Gardens are for Plants

Gardens are for Plants

In our culture there is no doubt that the title of this post is a perfectly acceptable truism.

Everybody (or nearly everybody) does garden, even in the most unpromising of situations. Books, magazines, websites or articles describing noteworthy gardens, seldom bring their gaze down to places of less than an acre or so, or move far from favoured sites. Yet splendid gardens exist in dark town-house areas, 3m (10ft) below pavement level, and even of tower-block and apartment balconies as any open-eyed passer-by can see.

What makes these places, and the great Sissinghursts, Hidcotes and Inverewes, is their plants in all the diversity and delight which the plant kingdom can show. That gardens are for plants, if not an English invention, is clearly part of the folk tradition of these islands, from cottage window sills upward. And this folk tradition refined by William Robinson and Gertrude Jekyll from the 1870’s has produced, by development and evolution, the best sort of gardens we have today. It is not a universal tradition: cerebral refinements in Japan or Italy, for instance, produced very different results. Although had their equivalent of a cottage mode been worked upon, a closer resemblance might have been the outcome.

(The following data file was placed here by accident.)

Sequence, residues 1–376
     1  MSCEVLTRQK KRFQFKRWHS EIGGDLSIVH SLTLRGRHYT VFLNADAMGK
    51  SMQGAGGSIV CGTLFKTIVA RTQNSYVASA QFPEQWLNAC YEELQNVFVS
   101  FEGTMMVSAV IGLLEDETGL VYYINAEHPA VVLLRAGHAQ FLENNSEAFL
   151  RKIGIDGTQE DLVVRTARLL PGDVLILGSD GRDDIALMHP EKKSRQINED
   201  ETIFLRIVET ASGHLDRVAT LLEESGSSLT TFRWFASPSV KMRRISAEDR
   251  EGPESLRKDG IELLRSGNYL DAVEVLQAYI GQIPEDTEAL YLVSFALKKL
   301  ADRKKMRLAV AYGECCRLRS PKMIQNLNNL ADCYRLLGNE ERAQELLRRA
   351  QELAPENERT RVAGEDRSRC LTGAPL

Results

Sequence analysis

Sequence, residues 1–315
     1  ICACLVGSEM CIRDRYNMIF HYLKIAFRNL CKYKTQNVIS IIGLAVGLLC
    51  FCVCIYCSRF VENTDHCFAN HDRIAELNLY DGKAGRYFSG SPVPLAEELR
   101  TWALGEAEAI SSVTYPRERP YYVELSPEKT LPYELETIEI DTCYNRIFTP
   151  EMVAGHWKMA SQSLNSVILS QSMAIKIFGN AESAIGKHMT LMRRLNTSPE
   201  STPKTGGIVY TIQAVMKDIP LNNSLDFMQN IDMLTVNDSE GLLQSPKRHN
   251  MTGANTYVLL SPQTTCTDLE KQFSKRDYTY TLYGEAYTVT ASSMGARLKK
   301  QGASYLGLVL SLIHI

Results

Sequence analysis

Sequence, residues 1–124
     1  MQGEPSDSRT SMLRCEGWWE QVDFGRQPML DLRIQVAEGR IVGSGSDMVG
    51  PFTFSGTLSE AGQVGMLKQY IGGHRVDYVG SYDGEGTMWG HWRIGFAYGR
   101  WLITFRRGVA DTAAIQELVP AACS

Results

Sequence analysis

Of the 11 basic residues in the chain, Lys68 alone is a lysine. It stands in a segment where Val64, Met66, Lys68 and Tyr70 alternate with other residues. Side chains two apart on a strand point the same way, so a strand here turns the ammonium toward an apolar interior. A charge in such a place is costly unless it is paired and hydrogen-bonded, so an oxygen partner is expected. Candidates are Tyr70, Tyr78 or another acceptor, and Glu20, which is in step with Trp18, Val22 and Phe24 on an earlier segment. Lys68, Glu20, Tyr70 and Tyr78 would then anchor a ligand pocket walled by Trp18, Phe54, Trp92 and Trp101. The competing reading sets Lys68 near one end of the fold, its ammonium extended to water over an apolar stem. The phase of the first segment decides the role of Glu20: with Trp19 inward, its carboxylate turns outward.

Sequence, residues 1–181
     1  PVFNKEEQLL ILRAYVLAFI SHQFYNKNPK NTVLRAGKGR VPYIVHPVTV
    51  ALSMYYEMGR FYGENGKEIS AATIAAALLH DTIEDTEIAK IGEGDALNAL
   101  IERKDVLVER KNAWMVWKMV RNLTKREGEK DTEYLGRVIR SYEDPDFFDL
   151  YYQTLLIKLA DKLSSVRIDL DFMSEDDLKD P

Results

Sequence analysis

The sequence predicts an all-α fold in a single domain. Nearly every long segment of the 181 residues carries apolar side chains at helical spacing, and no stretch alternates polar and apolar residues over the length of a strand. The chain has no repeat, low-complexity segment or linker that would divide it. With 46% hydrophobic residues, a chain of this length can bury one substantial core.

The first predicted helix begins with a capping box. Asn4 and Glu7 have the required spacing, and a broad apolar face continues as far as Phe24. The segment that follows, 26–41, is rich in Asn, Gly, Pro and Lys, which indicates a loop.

Diversity of Plant Material

garden plants

One reason for the development of native plantsmanship is the climate of north-west Europe. Indeed climate is too definite a word — weather is much better. It may not be possible to plan a picnic or a barbecue in the garden a fortnight in advance and be sure of sun on the day. But there will be no lack of variation with alternate optimism and black despair (where on earth shall we put all those people?) in the intervening time.

It is this extraordinary diversity of weather, usually without extremes of summer heat or winter cold which permits our gardens to grow, with suitable care, plants from all over the world. Hardly a country from the Arctic to the subtropics is unrepresented. A walk round the garden with this in mind provides a dizzying, Jules Verne-like experience: Michaelmas daisies and golden rod from America, passion flowers from Brazil, Berberis darwinii from Chile, New Zealand flax, Australian mimosa, camellias and cherries from Japan, cotoneasters from the Himalayas, viburnum from China, Indian horse chestnut, tulips from Iran and all the plants that have been brought back from Asia Minor and southern Europe since the Crusades and before.